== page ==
........

Second example, "Te gusta cerveza" means "You like beer." It looks like "te" is being used as a subject pronoun here. But it's not -- a literal translation of the sentence would be "Beer pleases you." So "te" is an object pronoun. This is how you say "like" in Spanish: the thing you like is the subject and "you" are the object. . . . . .

Be Careful with gustar: Note that "me gusta" should NOT normally be used to refer to a person to say "I like you", or her or him etc. Is can have a sexual connotation!

For persons, use caier, to fall. Nos caimos bien. We get along well. (We fall together well).

Yeah, confusing!

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Daily Spanish Lesson

by ZihuaRob ⌂ @, Zihuatanejo, México, Friday, October 05, 2018, 10:01 (67 days ago) @ Canadian Rainbirds

There are lots of subtleties in Spanish. Pronouns are used a little differently that in English.

Hopefully a couple of examples will shed some light as to just how different Spanish can be. The language isn't that simple.

........

Second example, "Te gusta cerveza" means "You like beer." It looks like "te" is being used as a subject pronoun here. But it's not -- a literal translation of the sentence would be "Beer pleases you." So "te" is an object pronoun. This is how you say "like" in Spanish: the thing you like is the subject and "you" are the object. . . . . .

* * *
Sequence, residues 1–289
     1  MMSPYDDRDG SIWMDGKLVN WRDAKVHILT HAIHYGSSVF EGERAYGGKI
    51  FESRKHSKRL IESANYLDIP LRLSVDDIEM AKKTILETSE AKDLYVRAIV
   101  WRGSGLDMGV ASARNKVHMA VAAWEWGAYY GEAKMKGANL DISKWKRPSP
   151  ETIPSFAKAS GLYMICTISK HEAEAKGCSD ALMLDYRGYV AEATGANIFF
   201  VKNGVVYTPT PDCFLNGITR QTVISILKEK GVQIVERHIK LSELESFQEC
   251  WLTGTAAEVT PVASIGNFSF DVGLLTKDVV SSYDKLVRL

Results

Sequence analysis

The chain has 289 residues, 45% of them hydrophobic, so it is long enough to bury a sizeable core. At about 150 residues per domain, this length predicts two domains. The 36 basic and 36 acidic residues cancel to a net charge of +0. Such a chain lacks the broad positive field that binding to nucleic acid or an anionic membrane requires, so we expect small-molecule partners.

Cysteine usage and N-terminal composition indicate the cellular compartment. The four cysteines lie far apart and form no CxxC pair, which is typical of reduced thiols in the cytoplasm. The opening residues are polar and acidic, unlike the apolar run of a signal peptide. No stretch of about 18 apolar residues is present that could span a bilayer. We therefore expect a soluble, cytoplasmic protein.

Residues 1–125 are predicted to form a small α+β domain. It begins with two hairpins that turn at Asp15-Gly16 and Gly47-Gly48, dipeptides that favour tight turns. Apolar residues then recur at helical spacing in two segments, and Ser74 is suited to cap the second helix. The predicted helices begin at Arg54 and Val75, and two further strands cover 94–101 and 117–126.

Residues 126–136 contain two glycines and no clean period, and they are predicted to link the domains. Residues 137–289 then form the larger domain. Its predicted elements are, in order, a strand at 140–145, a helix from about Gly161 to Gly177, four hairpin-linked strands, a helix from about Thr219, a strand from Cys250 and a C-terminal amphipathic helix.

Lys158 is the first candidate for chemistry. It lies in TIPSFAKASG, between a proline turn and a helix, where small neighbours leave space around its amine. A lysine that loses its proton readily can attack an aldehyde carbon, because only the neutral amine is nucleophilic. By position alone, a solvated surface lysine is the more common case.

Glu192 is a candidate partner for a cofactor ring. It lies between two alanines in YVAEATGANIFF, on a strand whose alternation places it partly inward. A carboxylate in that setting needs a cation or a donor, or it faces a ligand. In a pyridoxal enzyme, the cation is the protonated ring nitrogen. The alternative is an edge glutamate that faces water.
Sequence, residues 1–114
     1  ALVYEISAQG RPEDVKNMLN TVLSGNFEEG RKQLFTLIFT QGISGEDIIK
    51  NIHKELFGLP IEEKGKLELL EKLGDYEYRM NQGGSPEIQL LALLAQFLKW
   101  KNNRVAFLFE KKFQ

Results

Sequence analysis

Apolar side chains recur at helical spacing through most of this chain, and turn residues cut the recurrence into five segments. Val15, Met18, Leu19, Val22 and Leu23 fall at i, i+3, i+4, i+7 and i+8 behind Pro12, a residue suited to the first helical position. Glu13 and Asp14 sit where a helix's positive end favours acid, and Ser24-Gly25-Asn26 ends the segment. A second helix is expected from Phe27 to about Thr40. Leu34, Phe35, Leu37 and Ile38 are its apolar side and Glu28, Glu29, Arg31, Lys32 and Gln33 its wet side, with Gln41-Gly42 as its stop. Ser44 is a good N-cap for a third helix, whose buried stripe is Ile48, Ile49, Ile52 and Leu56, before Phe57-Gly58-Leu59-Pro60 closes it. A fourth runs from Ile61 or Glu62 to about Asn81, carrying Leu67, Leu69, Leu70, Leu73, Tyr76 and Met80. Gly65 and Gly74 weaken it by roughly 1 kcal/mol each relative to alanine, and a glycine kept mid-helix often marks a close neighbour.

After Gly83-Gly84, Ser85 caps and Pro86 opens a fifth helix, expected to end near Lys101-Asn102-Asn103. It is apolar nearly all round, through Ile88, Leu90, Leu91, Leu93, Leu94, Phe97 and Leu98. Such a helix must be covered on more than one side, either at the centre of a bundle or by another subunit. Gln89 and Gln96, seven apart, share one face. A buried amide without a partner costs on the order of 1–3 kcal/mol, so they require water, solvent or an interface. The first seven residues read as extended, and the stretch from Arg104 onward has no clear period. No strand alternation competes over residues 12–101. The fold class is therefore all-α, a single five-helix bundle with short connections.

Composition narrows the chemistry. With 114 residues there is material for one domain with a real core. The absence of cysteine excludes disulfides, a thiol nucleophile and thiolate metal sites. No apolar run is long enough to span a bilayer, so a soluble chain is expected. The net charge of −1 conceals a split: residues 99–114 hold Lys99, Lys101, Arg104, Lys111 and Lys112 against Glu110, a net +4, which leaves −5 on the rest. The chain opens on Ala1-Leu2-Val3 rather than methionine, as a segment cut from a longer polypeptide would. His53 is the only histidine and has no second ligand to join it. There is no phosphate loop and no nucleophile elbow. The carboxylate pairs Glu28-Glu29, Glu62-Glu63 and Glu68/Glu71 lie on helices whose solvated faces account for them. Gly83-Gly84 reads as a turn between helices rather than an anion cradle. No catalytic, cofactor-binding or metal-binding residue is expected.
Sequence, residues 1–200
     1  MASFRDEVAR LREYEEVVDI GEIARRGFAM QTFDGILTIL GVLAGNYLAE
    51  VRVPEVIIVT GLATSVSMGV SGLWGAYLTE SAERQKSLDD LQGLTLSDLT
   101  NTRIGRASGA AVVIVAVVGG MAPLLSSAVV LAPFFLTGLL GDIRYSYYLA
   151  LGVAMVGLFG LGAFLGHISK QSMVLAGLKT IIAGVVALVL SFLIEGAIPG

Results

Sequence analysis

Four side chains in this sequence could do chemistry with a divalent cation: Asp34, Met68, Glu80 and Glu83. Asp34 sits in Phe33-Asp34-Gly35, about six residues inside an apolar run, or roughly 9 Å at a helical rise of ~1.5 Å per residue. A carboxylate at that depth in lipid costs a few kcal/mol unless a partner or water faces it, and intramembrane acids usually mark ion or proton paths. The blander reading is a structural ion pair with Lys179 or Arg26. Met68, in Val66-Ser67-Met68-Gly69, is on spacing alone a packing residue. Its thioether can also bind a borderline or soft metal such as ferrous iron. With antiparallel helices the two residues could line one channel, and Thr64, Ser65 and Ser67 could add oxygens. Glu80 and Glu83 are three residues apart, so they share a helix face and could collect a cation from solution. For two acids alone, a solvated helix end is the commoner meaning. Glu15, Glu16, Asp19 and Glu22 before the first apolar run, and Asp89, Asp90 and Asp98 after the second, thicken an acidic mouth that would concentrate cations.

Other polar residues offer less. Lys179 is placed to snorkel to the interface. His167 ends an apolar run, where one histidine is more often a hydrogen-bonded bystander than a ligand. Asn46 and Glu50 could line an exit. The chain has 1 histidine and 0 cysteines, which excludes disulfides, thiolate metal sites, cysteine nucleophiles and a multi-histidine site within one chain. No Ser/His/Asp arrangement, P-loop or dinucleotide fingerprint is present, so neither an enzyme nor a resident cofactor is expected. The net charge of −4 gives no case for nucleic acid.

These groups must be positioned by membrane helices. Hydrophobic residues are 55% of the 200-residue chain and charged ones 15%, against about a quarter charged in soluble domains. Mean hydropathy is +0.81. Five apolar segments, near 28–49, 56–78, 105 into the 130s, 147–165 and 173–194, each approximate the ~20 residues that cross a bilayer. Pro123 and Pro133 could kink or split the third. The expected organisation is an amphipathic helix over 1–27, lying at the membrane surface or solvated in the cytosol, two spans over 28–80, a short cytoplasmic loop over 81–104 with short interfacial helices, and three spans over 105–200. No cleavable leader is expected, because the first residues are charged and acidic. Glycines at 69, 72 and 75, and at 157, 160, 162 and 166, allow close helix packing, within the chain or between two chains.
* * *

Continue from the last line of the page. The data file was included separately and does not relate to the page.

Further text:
Be Careful with gustar: Note that "me gusta" should NOT normally be used to refer to a person to say "I like you", or her or him etc. Is can have a sexual connotation!

For persons, use caier, to fall. Nos caimos bien. We get along well. (We fall together well).

Yeah, confusing!

I believe you mean to say "caer".
Felipe me cae bien. Me gusta Felipe. (Él es muy simpático) They are both acceptable and say the same thing.

Ideas are what we communicate, words are just the tools, the means, and the idea of "gustarle a alguien" or "gustarle algo" is the same as the English "like someone or something". Same with "Caerle bien". It's only difficult if you don't use it, like any muscle, tool, or skill.